It is totally understandable that many ‘exam year’ students (and parents) are really concerned about examination grades and how they will be calculated for 2021. Last year saw a bit of a fiasco, when students were awarded moderated versions of their teachers’ predicted grades, which were then subsequently downgraded (several levels in some cases) as a result of an algorithm that disproportionately affected some schools. Widespread anger at this led to a U-turn. This year, the government have announced that they will “trust in teachers rather than algorithms”, and that there would be “training and support” for teachers to help predict grades “to ensure these are awarded fairly and consistently”. This process will be in consultation with Ofqual, the exam boards and teaching unions. Whilst we are still unsure about the finer details, it seems like the government is keen to avoid the situation that occurred last year.
Schools will have ‘lost learning’ in mind
There are also worries for students lower down the year groups, who aren’t in ‘exam years’, relating to the ‘lost learning’ that will have happened as a result of the lockdowns, closing of year group bubbles, isolation periods and so on. Rest assured, schools are well aware of this. As soon as schools get students back in front of them, face-to-face, they will unveil all sorts of strategies to help students ‘catch up’ – ranging from extra tuition to ‘master-class workshops’ with educational specialists. For those of you with particular concerns about the ‘here and now’ (perhaps you have a child in Year 10, for example) and to provide some extra focus for your child, you might consider supplementing the work they do in a subject with some specialist topic or exam material.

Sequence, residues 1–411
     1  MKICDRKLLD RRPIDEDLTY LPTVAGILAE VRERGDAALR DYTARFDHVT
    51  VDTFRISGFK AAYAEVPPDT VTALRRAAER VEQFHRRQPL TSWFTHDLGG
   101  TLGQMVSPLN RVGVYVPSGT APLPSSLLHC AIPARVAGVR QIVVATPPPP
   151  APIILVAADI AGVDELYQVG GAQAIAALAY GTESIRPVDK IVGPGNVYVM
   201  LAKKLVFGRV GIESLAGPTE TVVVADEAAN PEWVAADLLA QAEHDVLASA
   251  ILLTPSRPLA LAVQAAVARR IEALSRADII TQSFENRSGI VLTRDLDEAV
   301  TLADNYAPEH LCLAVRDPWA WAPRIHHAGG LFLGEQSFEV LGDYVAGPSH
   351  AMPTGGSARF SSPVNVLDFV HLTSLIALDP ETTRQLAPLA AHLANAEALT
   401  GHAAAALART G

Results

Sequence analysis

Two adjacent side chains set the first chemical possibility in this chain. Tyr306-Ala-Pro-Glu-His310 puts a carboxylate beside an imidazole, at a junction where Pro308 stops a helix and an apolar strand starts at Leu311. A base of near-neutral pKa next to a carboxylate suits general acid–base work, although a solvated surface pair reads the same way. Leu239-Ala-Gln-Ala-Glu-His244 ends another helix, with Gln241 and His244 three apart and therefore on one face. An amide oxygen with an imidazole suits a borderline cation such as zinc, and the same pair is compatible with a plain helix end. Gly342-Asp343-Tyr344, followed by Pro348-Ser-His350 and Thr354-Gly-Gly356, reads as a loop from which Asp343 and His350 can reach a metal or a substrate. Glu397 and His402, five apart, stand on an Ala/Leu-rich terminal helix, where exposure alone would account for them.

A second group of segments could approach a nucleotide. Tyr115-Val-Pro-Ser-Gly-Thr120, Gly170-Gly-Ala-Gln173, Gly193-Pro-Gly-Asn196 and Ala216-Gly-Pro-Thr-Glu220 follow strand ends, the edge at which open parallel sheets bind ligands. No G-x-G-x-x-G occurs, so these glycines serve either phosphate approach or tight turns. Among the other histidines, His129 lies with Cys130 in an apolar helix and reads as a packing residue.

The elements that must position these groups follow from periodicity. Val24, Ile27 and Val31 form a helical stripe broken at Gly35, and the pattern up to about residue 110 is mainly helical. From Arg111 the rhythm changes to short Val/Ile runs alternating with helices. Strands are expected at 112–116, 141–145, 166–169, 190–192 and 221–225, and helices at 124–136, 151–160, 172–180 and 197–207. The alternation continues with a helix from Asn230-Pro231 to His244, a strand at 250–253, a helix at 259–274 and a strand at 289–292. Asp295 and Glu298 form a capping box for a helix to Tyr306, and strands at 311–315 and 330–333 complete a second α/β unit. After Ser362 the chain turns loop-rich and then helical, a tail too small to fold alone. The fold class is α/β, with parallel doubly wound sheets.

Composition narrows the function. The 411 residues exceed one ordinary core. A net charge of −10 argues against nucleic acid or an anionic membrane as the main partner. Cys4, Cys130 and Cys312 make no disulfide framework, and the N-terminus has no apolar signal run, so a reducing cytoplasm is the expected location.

Use all the motivation tricks in the book
Children tend to learn best when they are engaged and motivated. I’ve been a teacher for over 20 years and one of the best strategies I’ve ever learned is to focus on the positives – the things they do right – rather than what they are getting wrong. Use lots of descriptive praise too (“I’m really proud of the way you have….”). Show an interest in the topics they are studying, praise their efforts and, if they ask for help, try to encourage them to work it out for themselves, rather than give them the answer. This might be as simple as asking them to re-read the task, or the resources provided, or use a dictionary, textbook or the internet. However, this can be a fine balancing act. If you knock back every single question, you might end up with a really demotivated child – so don’t overdo it! In short, you know what motivates your child best – is it fun? Is it a reward each day (30 mins playing Fortnite at lunch)? Or do they like some sort of competitive edge? In short, an incentive system of some kind that leads to a reward that genuinely motivates them might be just what you need to get them to plough through their maths!
Don’t overthink it all
I think it’s useful to remember that it’s more important to keep your child happy and stimulated, than it is to ensure they do every bit of work every day. If all your child has managed to do all day is to read for half an hour, do some Maths and watch two episodes of Horrible Histories – that’s OK. Similarly, if they done every bit of work the school has set by 11.30am – that’s OK too. Remember that talking about a topic with your child, or asking them to read a newspaper, doesn’t require Wi-Fi or an expensive device – but are both vital skills. Home-school isn’t school – but there are still things you can do to keep your child engaged so learning habits don’t disappear. My daughter loves to cook – so she was set the task of baking some biscuits at one-and-a-half times the recipe (just to make it tougher). If your child has a creative side, ask them to make a board game (with questions from their school topics) or create a story book about ‘Life in lockdown’.
As we take this pandemic and everything it throws at us one day at a time, remember that your child’s school is there waiting – packed with resources and experts who will be able to help fill any gaps, bring subjects to life, motivate and enthuse, and help your child to do their best. For now – my advice as a teacher, author, and parent, would be to keep going, to show interest and talk about what they are doing, praise what does get done, and don’t sweat about what doesn’t.
Aaron Wilkes is a teacher, author and parent of two daughters!
 You can find out more about Oxford’s range of revision support at www.oxfordsecondary.com/revision